Cause of Raging Duplex Fire Undetermined

Cause of Raging Duplex Fire Undetermined

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Rocco Gagliano of Reuter Construction tosses debris into a dumpster while cleaning up from a duplex fire at 48th Street and Central Avenue.

By Maddy Vitale

An early morning fire that destroyed two duplexes and damaged a third at 48th Street and Central Avenue on Dec. 27 began in a kitchen, but the cause remains undetermined, Ocean City Fire Chief Jim Smith said Thursday.

Fire investigators from Ocean City, Margate, Cape May County and the state conducted the investigation and determined the fire broke out at 4829-4831 Central Ave. No injuries were reported.

“Our job is to find where it started. It was a ground floor kitchen. Everyone thought it started in the middle duplex, but it didn’t,” Smith explained. “We were able to pinpoint the fire to the kitchen. We can’t say whether it was an appliance. We were unable to determine the heat source.”

The home where the fire began sustained less damage than the middle property, 4835-4837 Central Ave. Smith said that was because it was mostly wood, built in 1990. The newer home had vinyl siding. Smith explained that wood burns slower than vinyl.

Chris Cashman was the owner of one of the middle duplexes. The morning of the fire, he and his friend, Denise D’Andrea, viewed the devastation and spoke with Smith. Cashman said he only owned the property since 2015, but had a lot of good memories there.

On Thursday, all that remained of Cashman’s duplex was an empty lot and charred debris.

Shortly after the fire, Ocean City’s Code Enforcement Officer Neil Byrne ordered that the unsafe structures were to come down. Smith noted that the homeowners are now dealing with their insurance companies.

On New Year’s Day the cleanup began.

Rocco Gagliano, an employee of demolition contractor Reuter Construction, based in Marmora, picked up piles of charred rubble and metal and tossed them into a large dumpster Thursday.

“We started the cleanup on New Year’s Day,” Gagliano said. “They asked me if I wanted to work and I said, ‘Sure.’ I think the mayor set it up.”

Gagliano stood on top of the massive pile of debris and said, “It’s a good thing it wasn’t summer time. I rather clean up from a vacant house. You can let houses go but you can’t replace life – not people or your pets.”

Demolition crews took down the middle duplex.

The Ocean City Fire Department responded to multiple calls reporting a structure fire on the 4800 block of Central Avenue at 3:20 a.m. Dec. 27.

Firefighters from Fire Station 3 arrived in just 90 seconds, but the fires were already raging and fully engulfing the structures. Flames shot through the roofs, Smith said.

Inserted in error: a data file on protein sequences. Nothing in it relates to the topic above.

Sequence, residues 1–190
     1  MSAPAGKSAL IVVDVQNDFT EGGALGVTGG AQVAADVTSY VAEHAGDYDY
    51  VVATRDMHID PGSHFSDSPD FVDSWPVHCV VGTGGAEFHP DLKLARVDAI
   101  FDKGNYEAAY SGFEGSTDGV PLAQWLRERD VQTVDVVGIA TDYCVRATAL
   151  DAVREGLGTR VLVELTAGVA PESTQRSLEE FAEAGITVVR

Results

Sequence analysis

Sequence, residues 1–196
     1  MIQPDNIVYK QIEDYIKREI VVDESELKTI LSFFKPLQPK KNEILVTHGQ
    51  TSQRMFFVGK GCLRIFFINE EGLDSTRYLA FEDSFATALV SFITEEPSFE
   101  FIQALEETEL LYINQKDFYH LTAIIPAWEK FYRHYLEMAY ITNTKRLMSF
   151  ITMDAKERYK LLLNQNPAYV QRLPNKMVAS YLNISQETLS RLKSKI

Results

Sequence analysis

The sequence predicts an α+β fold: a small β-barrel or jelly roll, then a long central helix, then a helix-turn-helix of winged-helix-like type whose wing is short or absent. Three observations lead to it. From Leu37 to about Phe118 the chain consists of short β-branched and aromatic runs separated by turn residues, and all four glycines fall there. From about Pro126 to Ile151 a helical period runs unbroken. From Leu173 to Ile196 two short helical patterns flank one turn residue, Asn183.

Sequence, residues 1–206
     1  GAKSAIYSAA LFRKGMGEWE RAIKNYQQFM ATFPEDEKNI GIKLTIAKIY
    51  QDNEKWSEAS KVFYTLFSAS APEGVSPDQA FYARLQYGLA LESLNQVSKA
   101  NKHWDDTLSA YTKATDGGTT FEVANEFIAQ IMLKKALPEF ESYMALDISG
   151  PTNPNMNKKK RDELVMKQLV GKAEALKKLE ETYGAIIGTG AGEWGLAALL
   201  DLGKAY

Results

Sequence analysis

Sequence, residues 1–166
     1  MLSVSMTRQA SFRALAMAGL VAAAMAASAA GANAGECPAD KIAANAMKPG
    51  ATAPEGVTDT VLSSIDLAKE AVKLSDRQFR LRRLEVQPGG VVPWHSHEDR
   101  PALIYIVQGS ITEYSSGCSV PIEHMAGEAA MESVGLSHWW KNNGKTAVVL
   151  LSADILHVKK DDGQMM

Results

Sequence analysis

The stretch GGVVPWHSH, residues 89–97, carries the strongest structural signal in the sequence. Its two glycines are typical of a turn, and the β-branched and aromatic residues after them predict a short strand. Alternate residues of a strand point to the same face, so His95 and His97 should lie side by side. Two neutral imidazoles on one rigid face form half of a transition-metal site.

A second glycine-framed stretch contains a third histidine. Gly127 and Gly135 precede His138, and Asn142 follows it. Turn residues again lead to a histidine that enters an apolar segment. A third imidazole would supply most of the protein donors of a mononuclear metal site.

The blaze also badly damaged a third duplex next door.

On Thursday, Mike Corvasce, whose family owns the third duplex, located at 4839-4841 Central Ave., checked on their home.

“My family has owned it for more than 20 years,” he said.

It sustained damage from the heat of the fire and it appeared the vinyl siding melted. There was also water and smoke damage on one side.

Corvasce said his family is waiting to hear what is to become of the home.

“We are trying to figure it all out and evaluating the situation,” he said.

He added that he and his family are thankful there were no injuries.

Mike Corvasce talks about the family home.

Smith said there were several issues with the fire. The first, and most important one, he said, was a major delay in notifying the Fire Department of the blaze.

He said it definitely hindered the Fire Department’s ability to fight the fire, get it under control and save properties.

“The delay of notification was the most major impact on this fire. A neighbor heard noises at 1:30 a.m., thinking there was construction going on. It woke her up. It is not normal for construction to be going on at that time,” Smith explained. “The construction she thought she heard was the fire growing. This was two hours prior to 911 being called and the fire was getting bigger and bigger.”

He said it is vital that people report any unusual activity to authorities as soon as possible.

“The police department is excellent in this town,” Smith said. “They are out on patrol. Between the police and fire, we will come out and investigate the issues and concerns you have.”

The charred shell of the house that still stands is where the fire began, officials say.
The early morning fire rages Dec. 27. (Provided by Ocean City Fire Chief Jim Smith)